How Hotel Indigo Helsinki connects two contrary design worlds, Intercontinental Hotel & Resort Group, January 2017
In January 2017, the Intercontinental Hotel Group commissioned me to write a story about their new Helsinki hotel for their website and content marketing channels. All copy as submitted to the client.
To say Scandinavian style is having a moment would be an understatement – there are crime novels by Jo Nesbø and Henning Mankell, Nordic noir television series like The Bridge and The Killing; clothes shops such as Cos, Marimekko and Acne, and the foraged food phenomenon that saw Copenhagen’s Noma voted best restaurant in the world four times in five years – and that’s not to mention the publishing craze that means a search for the term “hygge” (a Danish concept loosely translated to cosiness) currently returns 440 books on amazon.co.uk.
With the whole world going mad for Nordic style, how does a Finnish architect create something uniquely Finnish in Finland? That was the brief from Hotel Indigo for their central Helsinki hotel. “Everything is based on the unique Finnish culture and language,” says architect Sami Horto. “We wanted to honour our Finnish roots, legacy and values and use them as a basis for our designs.”
Finland is not technically part of Scandinavia, which comprises Sweden, Norway and Denmark, and although it is considered a Nordic nation alongside those countries and Iceland, most Finns pride themselves on what makes them uniquely Finnish rather than what they have in common with their neighbours. By focusing on inspirations taken from the hotel’s immediate vicinity on a historical boulevard in Helsinki’s design district, and by specifying furniture and ceramics by Finnish designers, the architects and interior designers have created something very much of its place.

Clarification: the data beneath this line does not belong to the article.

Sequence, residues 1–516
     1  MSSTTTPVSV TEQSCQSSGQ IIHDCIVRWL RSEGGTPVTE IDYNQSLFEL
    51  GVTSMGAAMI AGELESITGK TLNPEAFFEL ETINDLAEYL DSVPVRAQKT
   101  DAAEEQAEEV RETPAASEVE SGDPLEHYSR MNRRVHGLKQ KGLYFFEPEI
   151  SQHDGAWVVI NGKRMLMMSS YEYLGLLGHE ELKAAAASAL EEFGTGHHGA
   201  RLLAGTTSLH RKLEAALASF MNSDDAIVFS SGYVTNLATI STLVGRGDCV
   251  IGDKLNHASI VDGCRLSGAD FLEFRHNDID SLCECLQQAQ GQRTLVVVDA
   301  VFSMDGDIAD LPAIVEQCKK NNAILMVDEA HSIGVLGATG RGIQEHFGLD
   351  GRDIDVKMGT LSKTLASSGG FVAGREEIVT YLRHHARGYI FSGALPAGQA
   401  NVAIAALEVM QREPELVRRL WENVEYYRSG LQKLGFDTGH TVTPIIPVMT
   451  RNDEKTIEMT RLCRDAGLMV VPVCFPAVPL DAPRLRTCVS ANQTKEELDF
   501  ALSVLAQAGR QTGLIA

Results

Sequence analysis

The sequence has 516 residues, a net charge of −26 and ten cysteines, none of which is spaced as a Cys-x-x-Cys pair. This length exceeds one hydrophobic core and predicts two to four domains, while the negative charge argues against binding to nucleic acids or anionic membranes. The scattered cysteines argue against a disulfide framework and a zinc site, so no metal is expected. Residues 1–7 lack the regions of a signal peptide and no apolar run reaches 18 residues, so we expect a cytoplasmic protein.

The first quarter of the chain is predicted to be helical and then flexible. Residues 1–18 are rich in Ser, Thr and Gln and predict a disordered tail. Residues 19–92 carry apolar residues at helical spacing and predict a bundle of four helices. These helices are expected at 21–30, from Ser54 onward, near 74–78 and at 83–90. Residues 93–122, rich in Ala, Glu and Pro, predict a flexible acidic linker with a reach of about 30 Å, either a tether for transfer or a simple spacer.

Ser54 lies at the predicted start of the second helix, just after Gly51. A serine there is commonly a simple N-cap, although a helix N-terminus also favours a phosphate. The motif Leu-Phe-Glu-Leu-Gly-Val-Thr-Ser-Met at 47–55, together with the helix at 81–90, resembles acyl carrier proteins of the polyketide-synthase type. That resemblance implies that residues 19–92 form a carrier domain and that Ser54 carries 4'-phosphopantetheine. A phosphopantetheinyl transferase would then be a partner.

Tasked with transforming a former office building into a contemporary hotel befitting its historical environment, the architects stripped the property back to its 1960s concrete frame. A new zinc-plated façade was then handmade by 73-year-old local craftsman Esko Kivi and has since been awarded with the Rose of Construction (City of Helsinki) award. It is the feature of which Horto says he is most proud. “We wanted to create a strong relief on the side of the building facing the Bulevardi Street,” he says. “The zinc facade is a real masterpiece of skill and craftsmanship. It is truly one of a kind.”
Inside, the hotel has 120 rooms arranged over eight floors as well as a boardroom, sports gym, and restaurant and bar Bröd connected to the hotel lobby. “We decided to make the hotel as cosy and warm as possible,” says Horto. “We wanted it to feel like a second home.” An understated Nordic colour palette and informal furniture from bookshelves to barstools help to create that effect – and of course the traditional Finnish sauna, somewhat of a national pastime.
Interior designer Markus Eskola has used oversized graphic artwork by local artists Linda Linko and Pietari Posti as well as carefully considered details such as Minna Parikka shoes and Iittala ceramics in glass box-frames in the bedrooms to ensure the uniquely Finnish thread runs right through the hotel.
Whether you plan to curl up under a cosy blanket reading a Jo Nesbø novel by hyggelig candlelight, or enjoy the 19-hour days that summer brings by exploring the Punavuori neighbourhood’s design shops and sampling Nordic cuisine at a local restaurant; if you want to feel truly Finnish while you do it, there’s one thing you can’t do without: “Mähöne underwear – sold in the reception!” laughs Horto.